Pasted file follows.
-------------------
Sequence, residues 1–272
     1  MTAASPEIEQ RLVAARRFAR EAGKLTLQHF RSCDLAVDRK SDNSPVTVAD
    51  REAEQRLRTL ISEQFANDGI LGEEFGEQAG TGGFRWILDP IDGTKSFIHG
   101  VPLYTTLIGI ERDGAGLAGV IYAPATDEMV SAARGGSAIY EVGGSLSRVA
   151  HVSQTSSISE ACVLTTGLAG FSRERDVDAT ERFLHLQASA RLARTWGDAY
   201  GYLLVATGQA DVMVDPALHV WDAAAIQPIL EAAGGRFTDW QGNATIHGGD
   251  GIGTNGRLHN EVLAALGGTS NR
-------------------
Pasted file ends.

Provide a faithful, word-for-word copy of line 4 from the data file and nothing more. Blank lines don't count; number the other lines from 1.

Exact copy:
   101  VPLYTTLIGI ERDGAGLAGV IYAPATDEMV SAARGGSAIY EVGGSLSRVA